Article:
components—potentially including contracting, financial               and how open can communication be between subordinates and
management, materiel management and logistics, as well as the         commanders.
line components that use the materiel—none of these functions            In the field trial at the Warner Robins Air Logistics Center
or components per se was being changed, only the ordering and         (WR-ALC), different types of cultures were observed and
payment process.                                                      documented: a regional culture that was strongly rooted in the
   The team consisted of approximately 25 individuals                 American South, a bureaucratic culture that is typical of
representing four functions, five locations, and multiple Air Force   government organizations, and a military culture that traces back
command levels. Although the majority were from Warner                to the military orders of the middle ages. The first of these can be
Robins, six team members were from Headquarters Air Force             considered a horizontal culture and the second a vertical culture.
                                                                      The third, the military culture, embraces both, although it
Materiel Command, two from the Office of the Secretary of the
                                                                      contains two caste-like groups, officers and enlisted, each of
Air Force, two from the Defense Finance and Accounting System,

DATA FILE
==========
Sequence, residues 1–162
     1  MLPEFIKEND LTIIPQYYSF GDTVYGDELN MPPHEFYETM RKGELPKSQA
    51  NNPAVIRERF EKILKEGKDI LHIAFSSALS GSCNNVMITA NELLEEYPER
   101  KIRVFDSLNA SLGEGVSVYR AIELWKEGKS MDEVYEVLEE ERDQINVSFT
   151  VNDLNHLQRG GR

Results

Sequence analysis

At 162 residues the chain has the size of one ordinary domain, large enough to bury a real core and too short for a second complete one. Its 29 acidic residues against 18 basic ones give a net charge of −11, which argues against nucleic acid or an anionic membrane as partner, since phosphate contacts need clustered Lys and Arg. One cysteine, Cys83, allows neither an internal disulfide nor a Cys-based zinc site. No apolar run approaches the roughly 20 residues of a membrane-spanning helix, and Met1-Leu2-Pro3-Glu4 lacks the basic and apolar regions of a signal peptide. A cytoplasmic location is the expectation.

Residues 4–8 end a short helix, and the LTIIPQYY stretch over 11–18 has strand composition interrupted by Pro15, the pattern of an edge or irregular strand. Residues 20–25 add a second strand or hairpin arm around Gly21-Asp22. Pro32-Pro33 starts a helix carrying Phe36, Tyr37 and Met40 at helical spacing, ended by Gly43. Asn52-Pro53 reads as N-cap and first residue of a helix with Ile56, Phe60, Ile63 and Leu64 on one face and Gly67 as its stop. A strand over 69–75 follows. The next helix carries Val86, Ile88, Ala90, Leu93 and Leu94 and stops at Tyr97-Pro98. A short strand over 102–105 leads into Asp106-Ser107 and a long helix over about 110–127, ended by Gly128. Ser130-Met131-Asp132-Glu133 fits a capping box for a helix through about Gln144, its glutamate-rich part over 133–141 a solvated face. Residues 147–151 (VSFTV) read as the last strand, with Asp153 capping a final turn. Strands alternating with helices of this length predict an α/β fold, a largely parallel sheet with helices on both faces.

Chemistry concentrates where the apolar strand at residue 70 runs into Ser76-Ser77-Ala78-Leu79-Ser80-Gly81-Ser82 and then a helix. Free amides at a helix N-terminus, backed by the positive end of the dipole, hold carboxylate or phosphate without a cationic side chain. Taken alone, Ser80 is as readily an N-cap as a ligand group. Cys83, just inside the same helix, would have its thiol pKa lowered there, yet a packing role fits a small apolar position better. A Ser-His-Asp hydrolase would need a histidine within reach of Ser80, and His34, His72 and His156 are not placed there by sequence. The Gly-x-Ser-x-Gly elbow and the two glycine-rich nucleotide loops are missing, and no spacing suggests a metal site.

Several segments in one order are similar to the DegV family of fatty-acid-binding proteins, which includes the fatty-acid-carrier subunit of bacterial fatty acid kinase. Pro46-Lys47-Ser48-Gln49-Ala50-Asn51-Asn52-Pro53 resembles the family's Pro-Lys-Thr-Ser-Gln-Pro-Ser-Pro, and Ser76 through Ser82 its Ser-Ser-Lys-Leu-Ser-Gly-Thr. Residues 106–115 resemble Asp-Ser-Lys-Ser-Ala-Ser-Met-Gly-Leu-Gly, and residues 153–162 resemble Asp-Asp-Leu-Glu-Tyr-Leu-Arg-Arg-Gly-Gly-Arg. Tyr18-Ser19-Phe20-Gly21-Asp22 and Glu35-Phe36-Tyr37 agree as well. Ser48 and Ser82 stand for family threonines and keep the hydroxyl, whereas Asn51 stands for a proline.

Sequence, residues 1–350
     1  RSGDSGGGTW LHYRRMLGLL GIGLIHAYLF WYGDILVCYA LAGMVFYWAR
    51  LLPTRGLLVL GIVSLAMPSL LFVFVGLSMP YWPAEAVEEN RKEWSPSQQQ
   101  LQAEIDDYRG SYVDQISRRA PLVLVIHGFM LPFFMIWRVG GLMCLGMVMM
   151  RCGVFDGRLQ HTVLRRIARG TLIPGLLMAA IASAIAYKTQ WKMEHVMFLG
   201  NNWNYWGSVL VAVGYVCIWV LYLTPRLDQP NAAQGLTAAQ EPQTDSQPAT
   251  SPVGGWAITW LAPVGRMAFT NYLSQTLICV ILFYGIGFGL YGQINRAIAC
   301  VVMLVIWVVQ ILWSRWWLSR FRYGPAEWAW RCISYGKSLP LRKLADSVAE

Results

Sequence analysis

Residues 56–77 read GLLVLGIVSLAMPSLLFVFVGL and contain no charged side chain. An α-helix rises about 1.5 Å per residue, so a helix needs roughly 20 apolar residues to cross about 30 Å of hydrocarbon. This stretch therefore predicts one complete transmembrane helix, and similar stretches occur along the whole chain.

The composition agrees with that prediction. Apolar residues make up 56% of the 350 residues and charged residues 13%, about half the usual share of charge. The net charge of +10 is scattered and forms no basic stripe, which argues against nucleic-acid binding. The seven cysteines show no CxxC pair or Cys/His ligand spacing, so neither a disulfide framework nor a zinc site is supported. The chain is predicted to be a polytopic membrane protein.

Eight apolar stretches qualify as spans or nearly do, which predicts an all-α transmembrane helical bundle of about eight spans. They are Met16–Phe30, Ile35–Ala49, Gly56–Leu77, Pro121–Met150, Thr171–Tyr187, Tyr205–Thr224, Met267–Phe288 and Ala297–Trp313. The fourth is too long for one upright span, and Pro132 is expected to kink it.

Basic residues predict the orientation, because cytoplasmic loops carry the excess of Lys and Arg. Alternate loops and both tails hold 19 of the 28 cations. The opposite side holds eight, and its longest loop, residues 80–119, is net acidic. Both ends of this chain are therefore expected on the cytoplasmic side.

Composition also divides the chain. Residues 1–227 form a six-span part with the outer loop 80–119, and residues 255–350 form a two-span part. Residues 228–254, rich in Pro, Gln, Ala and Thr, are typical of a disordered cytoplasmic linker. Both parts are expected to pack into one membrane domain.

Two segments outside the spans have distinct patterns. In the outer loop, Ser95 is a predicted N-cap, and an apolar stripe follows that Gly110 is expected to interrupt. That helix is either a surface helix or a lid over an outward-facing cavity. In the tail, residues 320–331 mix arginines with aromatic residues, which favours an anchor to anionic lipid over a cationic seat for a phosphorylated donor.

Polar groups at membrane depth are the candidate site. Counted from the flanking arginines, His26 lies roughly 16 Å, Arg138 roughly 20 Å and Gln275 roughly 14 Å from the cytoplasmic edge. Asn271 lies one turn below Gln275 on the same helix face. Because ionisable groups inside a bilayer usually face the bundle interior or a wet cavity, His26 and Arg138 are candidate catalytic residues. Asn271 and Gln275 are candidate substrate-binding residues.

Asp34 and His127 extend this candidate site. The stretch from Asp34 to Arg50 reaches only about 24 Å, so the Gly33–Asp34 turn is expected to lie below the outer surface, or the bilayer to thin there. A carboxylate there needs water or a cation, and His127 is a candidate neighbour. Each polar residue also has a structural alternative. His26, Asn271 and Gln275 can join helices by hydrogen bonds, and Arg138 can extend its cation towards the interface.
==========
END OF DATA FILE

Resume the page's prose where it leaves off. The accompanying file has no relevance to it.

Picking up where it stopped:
which has its own culture. In a presentation at WR-ALC, these
and two from the private sector (representing the contracting         cultures were described, and it was proposed that their
community and the bank that processes government card                 misalignments were a source of organizational underperformance.
payments). This provided an excellent, robust test for RAPTR’s        These findings may be typical of Air Force installations that
ability to integrate multiple locations.                              heavily draw upon the surrounding civilian work force.
   Overall, the field trial resulted in several valuable ideas for       Within its mission of supporting the nation’s security, the Air
improving the RAPTR software, insight into some unanticipated         Force is fully committed to understanding and molding its
problems, and a better understanding of the requirements for          organizational culture. This can be seen from the numerous
integrating effective project management with project planning        cultural surveys, total quality management initiatives, and other
and management tools such as RAPTR. In connection with the            innovations in the personnel arena. Like industry, the Air Force
field trials, the RAPTR team collected data on the users’             sees culture as an issue in world-class performance. The RAPTR
experiences with the tool. Data were collected by four means: a       project added to the Air Force’s toolkit for collaborative
survey, a focus group, observations of the support engineer, and
telephone and e-mail inquiries. These research activities covered                                                  (Continued on page 43


22                                                                                                     Air Force Journal of Logistics
              Is the Supply Career Field Becoming Redundant?




                                                                                              ○
                                                                                              ○
                                                                                              ○
         The Supply




                                                                                              ○
                                                                                                  MAJOR GENERAL




                                                                                              ○
                                                                                              ○